“Hubris means deadly pride, Percy. Thinking you can do things better than anyone else… even the gods.”
– Annabeth Chase, Sea of Monsters
Percy Jackson and the Olympians, by Rick Riordan
As much as I have and will absolutely continue to rag on Riordan’s Percy Jackson series, I will admit, as with many stories that are clearly meant for kids, there are some wonderful, nutshell-sized summations of important lessons to learn. Case in point: the lesson of pride, and how deadly it is.
When Annabeth says this, she is talking about what she has learned to be her own fatal flaw, in the tradition of all the Greek heroes having one, but also the flaw of the primary antagonist of the series, Luke. She elaborates on how the Greek gods, and the Western Civilization which has thrived under their influence, have done a lot of good in the world, including many of the very best things that humanity has ever done in its entire history. But even knowing that, sometimes it’s easy to see only the bad, the flaws, mistakes, and sins. It’s easy to think as Luke thinks, that if they could just tear it all down and start from scratch, then they could build up something better, something perfect. According to our definition of “perfect,” of course.
And therein lies the danger, in thinking that somehow we could do better than anyone else alive, better than everyone who has lived and died, if only everything in the way – which includes everything – could be removed, erased, deleted, undone, torn down. Clear the way, clear the ground, like a forest fire, no matter who or what burns for it. To do that is to act as if we were gods, the ones whose business it is to judge and to meddle, to tear down and build up by our own will alone. And, of course, being incapable of making mistakes. As if anyone could ever reshape the entire world and not make a mistake somewhere.
In that sense, I find that we are surrounded by hordes of would-be gods. We are drowning in them, being buried and suffocated by them.
These are the fools who understand little of history, even less of human nature, who are ignorant but think themselves wiser and smarter than everyone who has come before. They see nothing but wrongs in the world around them, and that most admirable desire to improve things is corrupted in blind, destructive zealotry. They seek to solve problems by tearing it all down instead of building something up. Their righteousness, as they see it, is found in plunging headlong into the fray of a fight to overturn everything they know and put in its place a utopia, the likes of which they don’t realize can never be built by mortal hands alone. And all who dare to stand in the way, who dare to try and caution them against impulsive destruction, who don’t get in line with them and march in perfect lockstep… well, they’ll just have to march straight over the entire lot of us, won’t they?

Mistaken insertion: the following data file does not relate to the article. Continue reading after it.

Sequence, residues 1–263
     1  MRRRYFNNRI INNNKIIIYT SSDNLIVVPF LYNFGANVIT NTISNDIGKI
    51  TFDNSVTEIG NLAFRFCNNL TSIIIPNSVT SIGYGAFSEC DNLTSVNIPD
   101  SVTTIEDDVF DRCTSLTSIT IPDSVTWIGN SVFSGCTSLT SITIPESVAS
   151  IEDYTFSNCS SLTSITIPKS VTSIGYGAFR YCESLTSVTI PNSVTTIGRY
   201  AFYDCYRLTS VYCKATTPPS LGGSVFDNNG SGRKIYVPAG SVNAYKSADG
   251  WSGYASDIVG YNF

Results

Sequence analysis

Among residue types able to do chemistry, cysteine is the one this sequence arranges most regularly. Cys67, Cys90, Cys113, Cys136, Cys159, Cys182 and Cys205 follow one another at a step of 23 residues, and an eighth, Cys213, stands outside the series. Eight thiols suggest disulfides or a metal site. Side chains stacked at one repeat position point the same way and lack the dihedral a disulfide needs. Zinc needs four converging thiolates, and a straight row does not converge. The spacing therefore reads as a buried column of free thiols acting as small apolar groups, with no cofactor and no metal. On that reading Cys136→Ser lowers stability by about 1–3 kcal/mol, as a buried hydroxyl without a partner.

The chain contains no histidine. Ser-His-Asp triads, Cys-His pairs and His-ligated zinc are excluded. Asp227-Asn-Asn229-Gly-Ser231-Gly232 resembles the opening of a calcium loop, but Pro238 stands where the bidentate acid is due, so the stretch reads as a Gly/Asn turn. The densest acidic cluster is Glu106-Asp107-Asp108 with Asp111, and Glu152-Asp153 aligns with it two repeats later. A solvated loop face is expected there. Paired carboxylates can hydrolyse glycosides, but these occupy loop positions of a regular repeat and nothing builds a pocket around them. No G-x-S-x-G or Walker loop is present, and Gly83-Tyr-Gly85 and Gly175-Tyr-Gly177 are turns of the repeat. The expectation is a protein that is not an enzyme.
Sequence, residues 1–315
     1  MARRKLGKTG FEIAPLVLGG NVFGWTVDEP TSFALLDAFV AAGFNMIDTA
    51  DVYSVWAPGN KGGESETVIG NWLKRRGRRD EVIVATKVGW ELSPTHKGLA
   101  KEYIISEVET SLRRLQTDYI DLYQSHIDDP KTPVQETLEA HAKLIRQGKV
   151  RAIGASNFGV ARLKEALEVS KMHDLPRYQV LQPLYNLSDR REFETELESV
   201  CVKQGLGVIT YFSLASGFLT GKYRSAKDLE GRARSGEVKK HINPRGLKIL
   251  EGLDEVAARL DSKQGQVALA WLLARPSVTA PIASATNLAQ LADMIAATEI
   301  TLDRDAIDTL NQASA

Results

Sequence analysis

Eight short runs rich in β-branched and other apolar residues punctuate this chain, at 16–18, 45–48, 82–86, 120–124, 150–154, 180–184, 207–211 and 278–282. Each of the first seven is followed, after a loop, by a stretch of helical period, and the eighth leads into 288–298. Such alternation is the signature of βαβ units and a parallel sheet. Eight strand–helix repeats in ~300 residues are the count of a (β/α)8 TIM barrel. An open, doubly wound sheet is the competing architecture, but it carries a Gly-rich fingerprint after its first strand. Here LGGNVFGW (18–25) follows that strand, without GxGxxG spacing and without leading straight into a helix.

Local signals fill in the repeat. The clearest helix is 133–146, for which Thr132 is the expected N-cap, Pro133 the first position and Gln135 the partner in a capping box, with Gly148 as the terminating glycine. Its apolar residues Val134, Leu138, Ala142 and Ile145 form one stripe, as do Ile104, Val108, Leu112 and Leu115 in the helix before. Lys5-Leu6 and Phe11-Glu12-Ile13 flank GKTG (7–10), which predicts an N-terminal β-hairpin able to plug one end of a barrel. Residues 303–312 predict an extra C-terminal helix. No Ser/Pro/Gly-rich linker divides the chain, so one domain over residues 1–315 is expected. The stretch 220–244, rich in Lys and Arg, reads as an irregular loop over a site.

When I say that, I am aware that I, too, have my issues. I have deadly pride, but I think even worse for me is my deadly wrath. Something deep within me wants to make an answer for the suffering of countless people because of the power struggles of the powerful. I very much want to break, shatter, and burn those evil, wicked men who have visited terror on their fellow man. I wish, deep in my heart, that I had the power to repay them all in kind. But even deeper in my soul, I fear what would result. I fear the monster I, myself, would become, the innocents I would hurt in my own self-righteous rampage, and the greater harm that I would do.
I have learned and lately dwelt on this particular truth: I am no better than anyone else. I may not have any reprehensible crimes to my credit, but I have been a fool before. I have been caught up in my baser instincts and overwhelming, savage wrath of the people around me, the mentality of the mob. I have been charmed by gilded tongues that dripped venom into my veins, and caught up in the capricious moods of the crowd. I have been jealous and short-sighted, prideful and self-centered. I am guilty of many sins, and good things that I have tried to do have gone wrong. I may not be worse than any other man, but neither am I any better.
I am the equal of any man, neither above nor below, not worse and not better.
I can’t do better than everyone else. I can only do my best.
We can only do our best, and we need each other to help us account for the mistakes we will make.
That’s how my nation was founded, by imperfect men who found a balance together, and made something better than it was before, and, even more, capable of improving itself, to address the flaws they knew would be found. And they did it with words and ideas, building something up instead of tearing it all down.
Now that is an example worth emulating.